People with chronic fatigue syndrome often have trouble explaining why they feel exhausted and in pain.
Much like a mental illness, many people suffering from the illness have had their symptoms dismissed as being “all in their heads.”
But that’s not necessarily true.
New research shows the first “robust” evidence that chronic fatigue syndrome (CFS) — medically known as myalgic encephalomyelitis (ME) — is a physical disorder that may be kick-started by an infection.
“We now have evidence confirming what millions of people with this disease already know, that ME/CFS isn't psychological,” Dr. Mady Hornig director of translational research at the Center for Infection and Immunity and associate professor of epidemiology at Columbia's Mailman School, said in a press release.
Researchers at Columbia published a study identifying changes in a person’s immune system that then lead to the disorder.
“This study delivers what has eluded us for so long: unequivocal evidence of immunological dysfunction in ME/CFS and diagnostic biomarkers for disease,” Dr. W. Ian Lipkin, director of the Center for Infection and Immunity and professor of neurology and pathology at Columbia’s Mailman School, said.
Infection Could Trigger Lasting Immune Response
The Columbia team says their research supports the hypothesis that CFS may be triggered in a “hit-and-run” fashion following a common infection, such as infectious mononucleosis.
The cross-sectional study, published in the journal Science Advances, involved analyzing the blood plasma samples of 298 CFS patients and 348 people without the disease.
The researchers found distinct biomarkers created by the immune system in those with the disease. They also found differences in those who have had the disease for less than three years and those who have had it more than three years.
Those who had the disease for a shorter extent of time had higher amounts of different types of cytokines, or molecules that regulate your body’s defensive response to inflammation and infection.
Specifically, the Columbia team reports, early-stage CFS patients have elevated levels of interleukin-17A, a known biomarker of a faulty immune system.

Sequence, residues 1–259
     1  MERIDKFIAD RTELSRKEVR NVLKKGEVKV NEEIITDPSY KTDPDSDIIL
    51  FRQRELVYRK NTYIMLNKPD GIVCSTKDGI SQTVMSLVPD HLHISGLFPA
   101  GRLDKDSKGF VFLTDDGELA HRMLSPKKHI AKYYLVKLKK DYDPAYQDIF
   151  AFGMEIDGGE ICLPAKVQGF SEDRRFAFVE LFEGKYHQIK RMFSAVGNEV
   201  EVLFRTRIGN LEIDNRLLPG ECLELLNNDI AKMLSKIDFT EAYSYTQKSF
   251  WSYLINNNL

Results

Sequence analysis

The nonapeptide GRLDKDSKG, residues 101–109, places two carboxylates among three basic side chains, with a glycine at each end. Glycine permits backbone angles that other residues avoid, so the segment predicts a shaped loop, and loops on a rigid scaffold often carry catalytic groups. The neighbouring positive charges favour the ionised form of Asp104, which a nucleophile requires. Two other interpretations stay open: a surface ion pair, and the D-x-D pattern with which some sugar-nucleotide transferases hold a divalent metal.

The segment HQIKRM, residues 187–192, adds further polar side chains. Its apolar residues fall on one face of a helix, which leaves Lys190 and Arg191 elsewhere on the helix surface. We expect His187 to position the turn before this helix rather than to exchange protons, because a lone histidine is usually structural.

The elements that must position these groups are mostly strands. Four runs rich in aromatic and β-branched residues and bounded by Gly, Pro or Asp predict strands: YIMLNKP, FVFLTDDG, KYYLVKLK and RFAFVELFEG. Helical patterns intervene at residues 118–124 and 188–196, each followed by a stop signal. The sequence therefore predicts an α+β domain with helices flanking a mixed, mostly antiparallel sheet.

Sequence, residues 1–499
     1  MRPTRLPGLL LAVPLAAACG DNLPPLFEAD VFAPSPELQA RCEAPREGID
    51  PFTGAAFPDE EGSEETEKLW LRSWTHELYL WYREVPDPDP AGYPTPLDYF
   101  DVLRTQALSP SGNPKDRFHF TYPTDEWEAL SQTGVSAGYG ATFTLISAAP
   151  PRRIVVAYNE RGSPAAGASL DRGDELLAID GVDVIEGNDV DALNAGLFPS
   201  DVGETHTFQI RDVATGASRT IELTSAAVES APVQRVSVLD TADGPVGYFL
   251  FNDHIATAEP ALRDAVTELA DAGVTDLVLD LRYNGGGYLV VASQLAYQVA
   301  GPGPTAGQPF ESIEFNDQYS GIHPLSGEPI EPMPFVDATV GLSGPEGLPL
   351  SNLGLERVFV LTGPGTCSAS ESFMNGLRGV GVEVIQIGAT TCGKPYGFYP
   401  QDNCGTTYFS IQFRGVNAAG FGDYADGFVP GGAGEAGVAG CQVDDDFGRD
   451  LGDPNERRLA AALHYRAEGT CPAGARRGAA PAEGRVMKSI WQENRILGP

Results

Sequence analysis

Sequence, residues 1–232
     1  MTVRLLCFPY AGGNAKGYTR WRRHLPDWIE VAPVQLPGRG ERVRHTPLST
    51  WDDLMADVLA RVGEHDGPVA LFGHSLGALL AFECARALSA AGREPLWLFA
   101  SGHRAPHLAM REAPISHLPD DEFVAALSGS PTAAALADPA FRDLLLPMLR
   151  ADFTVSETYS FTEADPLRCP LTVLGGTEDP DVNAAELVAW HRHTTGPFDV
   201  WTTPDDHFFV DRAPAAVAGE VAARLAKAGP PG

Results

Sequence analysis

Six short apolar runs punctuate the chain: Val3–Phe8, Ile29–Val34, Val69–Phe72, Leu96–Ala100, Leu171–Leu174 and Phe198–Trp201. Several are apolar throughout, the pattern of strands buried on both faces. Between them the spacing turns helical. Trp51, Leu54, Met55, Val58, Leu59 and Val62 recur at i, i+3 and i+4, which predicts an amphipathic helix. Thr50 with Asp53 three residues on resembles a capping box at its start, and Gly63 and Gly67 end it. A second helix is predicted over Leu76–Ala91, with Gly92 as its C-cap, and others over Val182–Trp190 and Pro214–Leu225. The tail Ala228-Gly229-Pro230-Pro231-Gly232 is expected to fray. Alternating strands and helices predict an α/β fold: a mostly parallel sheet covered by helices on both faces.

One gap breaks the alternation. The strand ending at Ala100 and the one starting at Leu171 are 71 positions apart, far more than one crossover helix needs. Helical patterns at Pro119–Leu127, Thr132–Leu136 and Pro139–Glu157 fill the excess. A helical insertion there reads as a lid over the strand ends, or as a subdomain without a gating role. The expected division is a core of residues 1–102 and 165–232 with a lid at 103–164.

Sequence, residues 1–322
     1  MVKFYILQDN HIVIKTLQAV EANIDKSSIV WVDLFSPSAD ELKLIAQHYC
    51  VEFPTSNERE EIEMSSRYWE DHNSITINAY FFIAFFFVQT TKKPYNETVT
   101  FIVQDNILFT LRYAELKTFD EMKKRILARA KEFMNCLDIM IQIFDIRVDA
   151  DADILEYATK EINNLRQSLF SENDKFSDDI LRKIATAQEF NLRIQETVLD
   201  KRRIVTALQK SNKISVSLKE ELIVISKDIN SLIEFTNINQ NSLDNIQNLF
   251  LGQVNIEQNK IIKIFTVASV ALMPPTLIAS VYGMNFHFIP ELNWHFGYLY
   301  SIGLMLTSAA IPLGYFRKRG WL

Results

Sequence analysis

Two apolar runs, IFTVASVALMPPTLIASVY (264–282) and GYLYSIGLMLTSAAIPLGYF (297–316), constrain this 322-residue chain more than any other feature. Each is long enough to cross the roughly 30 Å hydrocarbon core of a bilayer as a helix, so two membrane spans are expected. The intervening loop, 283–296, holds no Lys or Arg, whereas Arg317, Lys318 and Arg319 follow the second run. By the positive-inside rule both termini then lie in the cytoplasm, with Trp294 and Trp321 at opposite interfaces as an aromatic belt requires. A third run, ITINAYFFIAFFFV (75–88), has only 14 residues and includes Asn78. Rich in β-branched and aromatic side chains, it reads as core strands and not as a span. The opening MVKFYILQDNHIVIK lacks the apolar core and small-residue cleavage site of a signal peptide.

The researchers added the elevated biomarker levels seem to subside after three years because the immune system has become exhausted after failing to calm itself after an infection. They compared it to an engine running at high gear for an extended period of time.
"Our results should accelerate the process of establishing the diagnosis after individuals first fall ill as well as discovery of new treatment strategies focusing on these early blood markers," Hornig, lead author of the study, said.
Proper diagnosis for CFS has been historically troublesome. The Institute of Medicine (IOM) estimate that up to 91 percent of the 2.5 million people who have chronic fatigue have not yet been diagnosed.
Earlier this month, an expert panel at the IOM recommended chronic fatigue be labeled as a systemic exertion intolerance disease (SEID) and established diagnostic criteria that better reflect scientific research.
A Common Culprit in Autoimmune Disorders
Interleukin-17A doesn’t only affect people with CFS.
Interleukin-17A is a
In January, the U.S. Food and Drug Administration approved Cosentyx (secukinumab), a psoriasis drug that targets interleukin-17A to quiet the body’s immune response.
Psoriasis, an autoimmune disorder, can also be triggered by an infection. CFS is a common complaint of people with psoriatic arthritis, an inflammatory joint condition that can develop in people in late-stage psoriasis.
But before researchers would test existing or experimental drugs on CFS patients to target interleukin-17A, they say they need to replicate their results in a study that follows patients to observe how their cytokine levels differ over time.
Before there can be effective treatments for CFS, there must be a better understanding of CFS so it can be diagnosed earlier.
“Early diagnosis may provide unique opportunities for treatment that likely differ from those that would be appropriate in later phases of the illness,” Hornig said.